Had the occupations of Afghanistan and Iraq not gone so wrong, perhaps Bush might have been able to contain the growing racism within his party’s rank and file by channelling it into his Middle East crusade – the way Reagan broke up the most militant nativist vigilantes in the 1980s by focusing their attention on Central America. For more than a century, from Andrew Jackson forward, the country’s political leaders enjoyed the benefit of being able to throw its restless and angry citizens – of the kind who had begun mustering on the border in the year before 9/11 – outward, into campaigns against Mexicans, Native Americans, Filipinos and Nicaraguans, among other enemies.
But the occupations did go wrong. Bush and his neoconservative advisers had launched what has now become the most costly war in the nation’s history, on the heels of pushing through one of the largest tax cuts in the nation’s history. Yet news coming in from Baghdad, Fallujah, Basra, Anbar province, Bagram and elsewhere began to suggest that Bush had created an epic disaster. Photographs from Abu Ghraib prison showing US personnel cheerfully taunting and torturing Iraqis circulated widely, followed by reports of other forms of cruelty inflicted on prisoners by US troops. Many people were coming to realise that the war was not just illegal in conception but deceptive in its justification, immoral in execution, and corrupt in its administration.
Every president from Reagan onward had raised the ethical stakes, insisting that what they called “internationalism” – be it murderous wars in impoverished developing countries or corporate trade treaties – was a moral necessity. But the disillusionment generated by Bush’s war on terrorism, the velocity with which events revealed the whole operation to be a sham, was extraordinary. The war, especially the war to bring democracy to Iraq, was said to mark a new era of national purpose. And yet a coordinated campaign of deceit, carried out with the complicity of reporters working for the country’s most respected news sources, had to be waged to ensure public support.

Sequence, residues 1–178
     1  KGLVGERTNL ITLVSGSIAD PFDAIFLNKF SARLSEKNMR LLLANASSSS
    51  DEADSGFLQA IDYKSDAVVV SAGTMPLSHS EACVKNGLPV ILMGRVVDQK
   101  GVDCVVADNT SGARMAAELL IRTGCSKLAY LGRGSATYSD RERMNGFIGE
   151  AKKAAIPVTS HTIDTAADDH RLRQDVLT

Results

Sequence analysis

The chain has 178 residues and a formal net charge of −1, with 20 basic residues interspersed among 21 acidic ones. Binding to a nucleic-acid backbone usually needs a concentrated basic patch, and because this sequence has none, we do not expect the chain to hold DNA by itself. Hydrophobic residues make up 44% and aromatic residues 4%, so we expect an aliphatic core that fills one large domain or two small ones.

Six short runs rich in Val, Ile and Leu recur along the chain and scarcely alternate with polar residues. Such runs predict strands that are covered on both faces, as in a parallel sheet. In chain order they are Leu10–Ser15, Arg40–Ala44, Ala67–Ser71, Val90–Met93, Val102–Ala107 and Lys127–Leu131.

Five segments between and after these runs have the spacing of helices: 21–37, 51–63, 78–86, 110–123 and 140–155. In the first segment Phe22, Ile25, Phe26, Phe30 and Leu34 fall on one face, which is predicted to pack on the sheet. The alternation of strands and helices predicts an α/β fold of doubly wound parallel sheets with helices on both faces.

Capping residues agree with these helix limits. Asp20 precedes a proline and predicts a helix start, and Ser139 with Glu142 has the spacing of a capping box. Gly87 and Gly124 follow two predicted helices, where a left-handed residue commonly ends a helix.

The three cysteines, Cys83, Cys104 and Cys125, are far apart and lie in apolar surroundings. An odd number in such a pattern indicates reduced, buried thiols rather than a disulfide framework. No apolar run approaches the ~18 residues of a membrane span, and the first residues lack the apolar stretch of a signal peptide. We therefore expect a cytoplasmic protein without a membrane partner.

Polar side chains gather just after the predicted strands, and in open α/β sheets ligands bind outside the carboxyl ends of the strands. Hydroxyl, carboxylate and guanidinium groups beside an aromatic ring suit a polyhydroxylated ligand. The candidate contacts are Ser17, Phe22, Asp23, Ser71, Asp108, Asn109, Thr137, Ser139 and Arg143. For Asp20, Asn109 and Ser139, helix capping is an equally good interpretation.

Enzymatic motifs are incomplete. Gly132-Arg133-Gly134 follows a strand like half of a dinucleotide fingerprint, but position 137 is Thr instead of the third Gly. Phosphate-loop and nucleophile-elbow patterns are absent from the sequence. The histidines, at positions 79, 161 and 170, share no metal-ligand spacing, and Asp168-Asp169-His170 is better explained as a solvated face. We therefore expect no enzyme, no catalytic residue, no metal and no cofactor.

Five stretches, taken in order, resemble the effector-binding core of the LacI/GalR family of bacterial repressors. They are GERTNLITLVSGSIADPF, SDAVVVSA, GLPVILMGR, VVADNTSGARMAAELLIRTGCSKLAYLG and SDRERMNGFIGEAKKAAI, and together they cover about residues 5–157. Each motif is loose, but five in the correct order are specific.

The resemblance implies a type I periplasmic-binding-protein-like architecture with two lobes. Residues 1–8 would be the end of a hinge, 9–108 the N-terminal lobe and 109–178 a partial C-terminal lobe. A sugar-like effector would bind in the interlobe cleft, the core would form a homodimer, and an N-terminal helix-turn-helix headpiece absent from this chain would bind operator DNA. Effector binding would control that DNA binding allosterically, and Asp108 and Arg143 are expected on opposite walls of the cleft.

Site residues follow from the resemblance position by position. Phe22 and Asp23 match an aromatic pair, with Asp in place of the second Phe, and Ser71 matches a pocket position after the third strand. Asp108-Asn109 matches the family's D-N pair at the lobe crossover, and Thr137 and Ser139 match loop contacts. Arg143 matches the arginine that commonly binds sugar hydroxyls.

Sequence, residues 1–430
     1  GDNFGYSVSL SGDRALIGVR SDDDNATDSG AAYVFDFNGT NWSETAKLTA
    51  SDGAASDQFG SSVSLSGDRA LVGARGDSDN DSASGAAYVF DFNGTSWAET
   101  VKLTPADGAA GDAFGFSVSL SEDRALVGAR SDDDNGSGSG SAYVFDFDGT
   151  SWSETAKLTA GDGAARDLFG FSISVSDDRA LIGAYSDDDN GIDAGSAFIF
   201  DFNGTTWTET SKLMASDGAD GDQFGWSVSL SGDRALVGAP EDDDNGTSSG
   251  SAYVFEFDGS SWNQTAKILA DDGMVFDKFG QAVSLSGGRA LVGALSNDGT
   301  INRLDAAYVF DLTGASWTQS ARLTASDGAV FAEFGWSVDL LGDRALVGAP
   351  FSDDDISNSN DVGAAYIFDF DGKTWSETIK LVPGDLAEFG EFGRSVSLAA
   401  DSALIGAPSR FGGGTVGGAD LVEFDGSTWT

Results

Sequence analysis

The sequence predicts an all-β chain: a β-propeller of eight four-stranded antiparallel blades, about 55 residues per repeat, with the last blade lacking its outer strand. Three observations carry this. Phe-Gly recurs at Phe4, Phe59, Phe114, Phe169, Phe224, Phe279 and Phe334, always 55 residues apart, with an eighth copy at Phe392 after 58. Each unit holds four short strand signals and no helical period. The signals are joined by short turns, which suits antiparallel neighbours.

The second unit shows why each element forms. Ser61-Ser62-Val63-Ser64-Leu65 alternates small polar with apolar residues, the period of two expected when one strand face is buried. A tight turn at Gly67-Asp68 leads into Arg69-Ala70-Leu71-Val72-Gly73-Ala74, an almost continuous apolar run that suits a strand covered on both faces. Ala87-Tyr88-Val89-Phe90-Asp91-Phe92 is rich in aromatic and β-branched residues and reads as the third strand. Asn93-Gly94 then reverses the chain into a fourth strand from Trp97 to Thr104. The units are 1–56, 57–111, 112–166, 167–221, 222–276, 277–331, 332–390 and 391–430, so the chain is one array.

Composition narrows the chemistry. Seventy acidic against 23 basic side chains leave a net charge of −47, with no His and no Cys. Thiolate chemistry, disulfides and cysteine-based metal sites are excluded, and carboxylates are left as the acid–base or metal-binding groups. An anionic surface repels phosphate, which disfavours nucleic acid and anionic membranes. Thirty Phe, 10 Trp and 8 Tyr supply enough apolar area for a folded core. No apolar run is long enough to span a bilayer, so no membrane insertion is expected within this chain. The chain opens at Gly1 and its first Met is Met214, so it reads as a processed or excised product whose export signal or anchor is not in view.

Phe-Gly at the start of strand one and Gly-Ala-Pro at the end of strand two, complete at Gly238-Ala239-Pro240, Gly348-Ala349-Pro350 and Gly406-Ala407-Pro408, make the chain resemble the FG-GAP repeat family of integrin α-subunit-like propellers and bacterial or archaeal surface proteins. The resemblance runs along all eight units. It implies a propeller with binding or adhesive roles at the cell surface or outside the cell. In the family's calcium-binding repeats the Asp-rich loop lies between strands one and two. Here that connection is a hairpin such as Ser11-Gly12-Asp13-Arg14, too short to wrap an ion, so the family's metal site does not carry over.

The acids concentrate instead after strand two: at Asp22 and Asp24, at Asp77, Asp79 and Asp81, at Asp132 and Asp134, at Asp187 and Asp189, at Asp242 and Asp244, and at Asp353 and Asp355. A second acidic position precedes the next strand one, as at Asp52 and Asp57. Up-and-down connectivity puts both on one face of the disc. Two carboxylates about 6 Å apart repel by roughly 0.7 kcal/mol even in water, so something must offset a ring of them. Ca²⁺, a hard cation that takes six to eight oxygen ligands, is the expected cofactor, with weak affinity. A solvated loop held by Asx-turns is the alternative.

As thousands died and billions went missing, the vanities behind not just the war but the entire post-cold war expansionist project – of more, more, more – came to a definitive end. With the frontier closed, some turned back to the border.
Sporadic violence gave way to organised paramilitary extremism. War revanchism usually takes place after wars end – the KKK after the first world war, for example, or the radicalisation of white supremacism after Vietnam. Now, though, it took shape as the war was still going on. And border paramilitarism began to pull in not only soldiers who had returned from this war but veterans of older conflicts, whose fears about the influx of migrants concerned not just the current war but all wars.
In early 2005, Vietnam vet Jim Gilchrist helped found the Minuteman Project, which began patrolling the desert looking for undocumented migrants. He later recalled that he had the idea around the time the Abu Ghraib scandal broke. “Things came out that were in my head swimming around for years,” Gilchrist said. “It was a culmination of fears building up.” He asked: “What did all these people die for in the second world war, Korea and Vietnam?” It wasn’t for open borders, to let in so many migrants that the US would “turn into a country of mayhem”.